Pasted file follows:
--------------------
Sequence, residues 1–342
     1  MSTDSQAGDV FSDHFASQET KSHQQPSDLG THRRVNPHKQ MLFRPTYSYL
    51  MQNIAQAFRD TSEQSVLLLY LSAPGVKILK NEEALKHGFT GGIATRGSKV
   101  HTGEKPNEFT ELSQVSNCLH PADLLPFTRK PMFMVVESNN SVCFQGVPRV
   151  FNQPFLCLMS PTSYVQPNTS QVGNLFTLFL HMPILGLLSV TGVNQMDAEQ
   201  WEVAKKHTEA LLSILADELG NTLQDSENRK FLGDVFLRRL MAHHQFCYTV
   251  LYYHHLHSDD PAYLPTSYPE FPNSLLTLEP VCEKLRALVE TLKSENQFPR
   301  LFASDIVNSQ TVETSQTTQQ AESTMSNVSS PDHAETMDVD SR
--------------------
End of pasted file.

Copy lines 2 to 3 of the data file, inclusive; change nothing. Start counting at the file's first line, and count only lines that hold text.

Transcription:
     1  MSTDSQAGDV FSDHFASQET KSHQQPSDLG THRRVNPHKQ MLFRPTYSYL
    51  MQNIAQAFRD TSEQSVLLLY LSAPGVKILK NEEALKHGFT GGIATRGSKV